|Date Range||1900 - 1959|
|Lineages||Gelug and Buddhist|
|Material||Ground Mineral Pigment on Cotton|
|Collection||Field Museum of Natural History|
Dorje Shugden (English: the Vajra Possessing Strength): a minor Buddhist worldly protector originating in Tibet in the 17th century. In Dorje Shugden's previous birth he is believed to have been the Gelugpa Lama Dragpa Gyaltsen (1619-1656) of Drepung Monastery, a contemporary and a rival to the Lama that was to become the Great Fifth Dalai Lama.
Whitish in colour with one face and two hands he holds in the right a curved sword with a vajra handle. In the left hand is a human heart. He is slightly fierce with three staring eyes and a gaping mouth with the canine teeth exposed. Richly attired in monastic robes, silk brocades, and a golden yellow riding hat of Chinese origin, he is completely surrounded by flames. The mount is a mythical Tibetan snow lion, white with a green-blue mane, fierce in appearance with a snarling face - gazing up at Dorje Shugden as an expression of respect.
At the top center is Je Tsongkapa, founder of the Gelug Tradition of Tibetan Buddhism. At the right and left are the two principal students of Tsongkapa, Gyaltsab and Kedrubje. At the bottom of the composition are three Tibetan worldly protectors with Dorje Setrab on the viewers left, Tsi'u Marpo in the middle and then a white figure riding a white horse on the right.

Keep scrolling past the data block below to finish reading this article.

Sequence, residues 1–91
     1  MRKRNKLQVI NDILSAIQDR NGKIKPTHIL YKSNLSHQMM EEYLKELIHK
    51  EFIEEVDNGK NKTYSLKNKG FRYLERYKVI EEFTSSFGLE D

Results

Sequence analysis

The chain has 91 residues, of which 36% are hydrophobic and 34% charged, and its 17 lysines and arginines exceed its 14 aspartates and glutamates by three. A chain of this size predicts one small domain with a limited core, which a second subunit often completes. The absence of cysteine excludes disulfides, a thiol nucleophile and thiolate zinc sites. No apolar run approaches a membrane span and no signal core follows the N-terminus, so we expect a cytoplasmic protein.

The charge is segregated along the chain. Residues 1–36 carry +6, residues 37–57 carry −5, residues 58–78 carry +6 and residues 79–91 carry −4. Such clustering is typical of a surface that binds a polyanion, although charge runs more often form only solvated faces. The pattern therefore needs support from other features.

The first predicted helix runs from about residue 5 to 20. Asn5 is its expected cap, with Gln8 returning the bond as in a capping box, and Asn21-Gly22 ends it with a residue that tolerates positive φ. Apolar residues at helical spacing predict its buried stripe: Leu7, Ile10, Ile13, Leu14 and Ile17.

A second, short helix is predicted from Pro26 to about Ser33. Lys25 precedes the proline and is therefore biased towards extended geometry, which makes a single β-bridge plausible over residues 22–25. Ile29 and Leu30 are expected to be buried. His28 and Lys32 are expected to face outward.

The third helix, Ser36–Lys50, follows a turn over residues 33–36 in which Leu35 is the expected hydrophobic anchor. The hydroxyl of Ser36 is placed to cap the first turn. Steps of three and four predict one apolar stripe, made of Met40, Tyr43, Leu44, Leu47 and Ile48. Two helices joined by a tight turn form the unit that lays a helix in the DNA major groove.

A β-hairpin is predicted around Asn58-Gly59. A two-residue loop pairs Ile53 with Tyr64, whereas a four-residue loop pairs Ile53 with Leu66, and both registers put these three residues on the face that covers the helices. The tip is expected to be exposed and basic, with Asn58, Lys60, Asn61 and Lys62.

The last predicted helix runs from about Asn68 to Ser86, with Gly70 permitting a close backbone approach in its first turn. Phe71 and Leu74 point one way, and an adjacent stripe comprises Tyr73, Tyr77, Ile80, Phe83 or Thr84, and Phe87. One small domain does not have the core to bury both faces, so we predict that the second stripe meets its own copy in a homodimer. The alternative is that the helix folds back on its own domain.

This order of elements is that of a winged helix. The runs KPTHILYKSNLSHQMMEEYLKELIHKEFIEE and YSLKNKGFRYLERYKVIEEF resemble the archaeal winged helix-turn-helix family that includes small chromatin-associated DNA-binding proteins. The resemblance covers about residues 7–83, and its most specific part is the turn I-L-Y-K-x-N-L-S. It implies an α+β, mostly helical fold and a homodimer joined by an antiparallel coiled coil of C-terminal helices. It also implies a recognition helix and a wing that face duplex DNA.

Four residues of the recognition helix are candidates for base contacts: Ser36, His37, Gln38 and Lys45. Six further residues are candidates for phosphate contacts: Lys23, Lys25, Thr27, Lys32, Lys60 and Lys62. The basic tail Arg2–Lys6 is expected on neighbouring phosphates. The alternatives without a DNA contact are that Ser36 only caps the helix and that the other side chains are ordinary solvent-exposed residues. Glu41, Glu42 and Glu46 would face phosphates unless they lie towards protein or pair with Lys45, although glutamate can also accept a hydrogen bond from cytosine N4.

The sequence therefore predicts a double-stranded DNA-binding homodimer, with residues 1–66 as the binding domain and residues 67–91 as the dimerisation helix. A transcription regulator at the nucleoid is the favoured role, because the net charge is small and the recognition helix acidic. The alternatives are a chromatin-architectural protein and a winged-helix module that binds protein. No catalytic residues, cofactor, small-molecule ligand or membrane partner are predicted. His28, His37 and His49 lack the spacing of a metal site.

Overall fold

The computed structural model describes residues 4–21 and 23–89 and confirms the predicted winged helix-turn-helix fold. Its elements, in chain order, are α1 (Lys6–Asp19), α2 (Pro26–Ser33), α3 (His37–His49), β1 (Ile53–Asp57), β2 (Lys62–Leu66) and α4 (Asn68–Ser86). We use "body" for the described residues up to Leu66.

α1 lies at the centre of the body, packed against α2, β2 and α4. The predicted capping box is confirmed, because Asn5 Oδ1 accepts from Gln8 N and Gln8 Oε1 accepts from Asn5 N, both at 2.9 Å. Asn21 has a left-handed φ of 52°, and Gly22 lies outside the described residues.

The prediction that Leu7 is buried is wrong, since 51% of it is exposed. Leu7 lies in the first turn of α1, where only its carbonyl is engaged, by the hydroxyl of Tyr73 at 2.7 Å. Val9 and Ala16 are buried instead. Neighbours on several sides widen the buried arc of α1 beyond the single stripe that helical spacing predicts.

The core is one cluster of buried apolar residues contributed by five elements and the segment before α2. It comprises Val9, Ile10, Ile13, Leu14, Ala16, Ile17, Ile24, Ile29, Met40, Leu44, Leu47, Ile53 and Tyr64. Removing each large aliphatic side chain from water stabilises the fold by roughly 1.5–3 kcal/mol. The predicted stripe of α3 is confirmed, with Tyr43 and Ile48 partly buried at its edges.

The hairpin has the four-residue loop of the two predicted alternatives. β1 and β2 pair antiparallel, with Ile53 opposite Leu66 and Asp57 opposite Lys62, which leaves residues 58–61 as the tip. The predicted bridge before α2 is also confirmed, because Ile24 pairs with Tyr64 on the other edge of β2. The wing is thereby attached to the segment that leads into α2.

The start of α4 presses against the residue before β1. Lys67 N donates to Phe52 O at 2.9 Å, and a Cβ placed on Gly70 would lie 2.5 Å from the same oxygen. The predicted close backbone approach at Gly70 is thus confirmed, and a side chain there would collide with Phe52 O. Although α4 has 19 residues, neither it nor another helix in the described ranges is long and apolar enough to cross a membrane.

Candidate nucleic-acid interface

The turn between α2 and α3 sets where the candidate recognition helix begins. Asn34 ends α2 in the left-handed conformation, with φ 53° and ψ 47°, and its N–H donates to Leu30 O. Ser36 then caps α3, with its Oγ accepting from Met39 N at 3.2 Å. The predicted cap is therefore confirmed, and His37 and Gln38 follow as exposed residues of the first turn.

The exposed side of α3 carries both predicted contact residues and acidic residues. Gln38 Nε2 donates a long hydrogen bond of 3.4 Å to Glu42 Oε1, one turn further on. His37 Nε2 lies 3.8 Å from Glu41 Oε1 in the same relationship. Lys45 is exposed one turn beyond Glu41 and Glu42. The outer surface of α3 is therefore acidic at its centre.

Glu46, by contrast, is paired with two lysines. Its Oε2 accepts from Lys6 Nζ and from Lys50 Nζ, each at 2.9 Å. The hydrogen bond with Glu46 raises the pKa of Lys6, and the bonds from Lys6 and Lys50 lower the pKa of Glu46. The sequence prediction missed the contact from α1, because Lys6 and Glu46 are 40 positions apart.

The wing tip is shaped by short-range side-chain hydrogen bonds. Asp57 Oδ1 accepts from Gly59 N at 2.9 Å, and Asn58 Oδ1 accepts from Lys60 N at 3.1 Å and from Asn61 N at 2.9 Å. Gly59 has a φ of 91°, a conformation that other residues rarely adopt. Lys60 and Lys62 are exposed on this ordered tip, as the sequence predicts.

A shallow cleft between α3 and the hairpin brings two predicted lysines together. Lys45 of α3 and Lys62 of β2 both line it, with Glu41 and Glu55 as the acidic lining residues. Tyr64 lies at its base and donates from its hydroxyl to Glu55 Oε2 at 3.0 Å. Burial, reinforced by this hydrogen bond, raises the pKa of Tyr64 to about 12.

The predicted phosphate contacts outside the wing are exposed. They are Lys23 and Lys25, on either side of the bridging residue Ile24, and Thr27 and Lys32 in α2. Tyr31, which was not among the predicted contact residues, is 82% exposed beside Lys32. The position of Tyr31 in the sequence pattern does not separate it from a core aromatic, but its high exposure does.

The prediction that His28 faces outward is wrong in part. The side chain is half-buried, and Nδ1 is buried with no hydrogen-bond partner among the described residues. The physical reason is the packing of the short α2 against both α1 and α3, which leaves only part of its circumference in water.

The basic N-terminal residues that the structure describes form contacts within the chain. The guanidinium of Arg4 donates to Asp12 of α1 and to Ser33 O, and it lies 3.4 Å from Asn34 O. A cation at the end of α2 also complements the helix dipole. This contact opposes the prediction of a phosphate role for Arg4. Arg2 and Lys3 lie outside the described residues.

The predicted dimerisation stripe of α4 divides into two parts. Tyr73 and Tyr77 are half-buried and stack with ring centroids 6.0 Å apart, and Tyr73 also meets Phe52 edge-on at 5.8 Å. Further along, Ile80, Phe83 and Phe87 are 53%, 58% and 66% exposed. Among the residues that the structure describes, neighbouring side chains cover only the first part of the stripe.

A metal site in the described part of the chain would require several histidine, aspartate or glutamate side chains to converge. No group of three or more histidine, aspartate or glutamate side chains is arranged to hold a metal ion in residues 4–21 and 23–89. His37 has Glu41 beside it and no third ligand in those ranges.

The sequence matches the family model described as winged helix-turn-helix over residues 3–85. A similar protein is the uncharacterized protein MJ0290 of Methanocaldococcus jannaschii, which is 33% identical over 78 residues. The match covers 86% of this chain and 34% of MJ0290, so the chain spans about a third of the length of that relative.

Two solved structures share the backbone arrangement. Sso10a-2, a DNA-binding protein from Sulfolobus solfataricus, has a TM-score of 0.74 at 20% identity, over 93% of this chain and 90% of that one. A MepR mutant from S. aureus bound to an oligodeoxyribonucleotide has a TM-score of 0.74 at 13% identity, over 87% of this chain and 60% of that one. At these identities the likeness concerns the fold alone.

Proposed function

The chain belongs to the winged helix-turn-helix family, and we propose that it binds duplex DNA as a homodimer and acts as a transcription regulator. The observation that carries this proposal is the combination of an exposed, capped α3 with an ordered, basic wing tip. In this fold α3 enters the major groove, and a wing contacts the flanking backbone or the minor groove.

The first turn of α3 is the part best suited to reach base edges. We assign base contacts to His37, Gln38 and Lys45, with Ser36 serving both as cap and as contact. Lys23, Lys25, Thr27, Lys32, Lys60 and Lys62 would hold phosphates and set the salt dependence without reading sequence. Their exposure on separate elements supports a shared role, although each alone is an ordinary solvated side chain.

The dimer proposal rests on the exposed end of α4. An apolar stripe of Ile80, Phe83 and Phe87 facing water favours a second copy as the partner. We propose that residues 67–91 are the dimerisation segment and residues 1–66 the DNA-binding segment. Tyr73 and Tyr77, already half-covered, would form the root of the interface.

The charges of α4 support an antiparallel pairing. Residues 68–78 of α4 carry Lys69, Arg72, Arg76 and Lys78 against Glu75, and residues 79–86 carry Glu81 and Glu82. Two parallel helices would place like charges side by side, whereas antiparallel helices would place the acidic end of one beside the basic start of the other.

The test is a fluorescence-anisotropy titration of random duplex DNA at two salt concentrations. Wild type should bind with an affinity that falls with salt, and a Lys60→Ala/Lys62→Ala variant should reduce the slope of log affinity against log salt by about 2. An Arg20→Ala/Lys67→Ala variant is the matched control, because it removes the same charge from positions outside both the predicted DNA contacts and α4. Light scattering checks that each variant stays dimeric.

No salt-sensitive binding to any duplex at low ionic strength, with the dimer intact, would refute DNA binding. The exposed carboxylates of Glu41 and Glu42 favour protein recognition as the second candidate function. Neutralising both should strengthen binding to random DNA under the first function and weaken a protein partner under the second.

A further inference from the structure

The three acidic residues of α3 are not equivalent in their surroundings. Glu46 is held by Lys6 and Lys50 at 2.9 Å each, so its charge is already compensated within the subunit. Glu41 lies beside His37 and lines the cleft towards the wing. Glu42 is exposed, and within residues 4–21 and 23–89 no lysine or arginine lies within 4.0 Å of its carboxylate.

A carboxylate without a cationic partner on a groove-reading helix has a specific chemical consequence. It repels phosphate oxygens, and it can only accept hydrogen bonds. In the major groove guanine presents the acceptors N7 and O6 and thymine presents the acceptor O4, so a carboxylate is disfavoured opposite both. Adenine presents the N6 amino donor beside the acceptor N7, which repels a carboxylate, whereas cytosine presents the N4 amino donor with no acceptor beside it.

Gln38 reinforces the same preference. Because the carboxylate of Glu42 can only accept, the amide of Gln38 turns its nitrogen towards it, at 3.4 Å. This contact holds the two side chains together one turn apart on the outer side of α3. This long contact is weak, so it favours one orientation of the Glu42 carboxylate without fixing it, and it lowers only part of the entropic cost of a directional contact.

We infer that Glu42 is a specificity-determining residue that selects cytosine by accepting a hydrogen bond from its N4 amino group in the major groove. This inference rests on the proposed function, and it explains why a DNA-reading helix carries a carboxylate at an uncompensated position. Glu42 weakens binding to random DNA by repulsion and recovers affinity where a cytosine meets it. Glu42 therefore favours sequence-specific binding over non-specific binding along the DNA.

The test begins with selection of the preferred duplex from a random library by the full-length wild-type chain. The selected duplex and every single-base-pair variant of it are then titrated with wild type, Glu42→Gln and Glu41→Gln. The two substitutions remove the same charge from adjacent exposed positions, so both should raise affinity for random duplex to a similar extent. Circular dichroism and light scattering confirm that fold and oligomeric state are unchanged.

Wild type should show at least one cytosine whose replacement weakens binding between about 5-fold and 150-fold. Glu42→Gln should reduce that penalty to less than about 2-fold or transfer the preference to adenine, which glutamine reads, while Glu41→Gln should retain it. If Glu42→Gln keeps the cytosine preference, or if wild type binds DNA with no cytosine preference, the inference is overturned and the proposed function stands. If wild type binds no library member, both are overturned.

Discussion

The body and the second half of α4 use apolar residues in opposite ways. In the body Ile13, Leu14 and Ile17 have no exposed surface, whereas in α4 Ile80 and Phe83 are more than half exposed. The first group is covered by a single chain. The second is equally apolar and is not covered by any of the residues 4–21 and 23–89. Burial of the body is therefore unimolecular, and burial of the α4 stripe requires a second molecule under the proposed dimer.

This form of Dorje Shugden, of which there can be a number of different appearances, is the form typically found in Gelugpa art of the 20th century. In the Sakya Tradition of Tibetan Buddhism there is a form of Dorje Shugden called Tanag Chen (Shugden [riding] a Black Horse. See the bottom right).
During the early decades of the last century Dorje Shugden became a subject of considerable controversy among the principal four Tibetan traditions of Buddhism, and namely the Gelug. The controversy still continues today. Within the Sakya Tradition there is no initiation or 'life-entrusting' (Tibetan: srog gtad) ritual for Shugden as found in the Gelug Tradition. For the Sakyapa all forms of the practice fell into disfavour in the early part of the 20th century and are essentially non-existent outside of Tibet. Small temples in regional areas of Tibet historically connected with the indigenous local deity may still proffer offerings for the purpose of protection and removing obstacles.
Jeff Watt 2-2010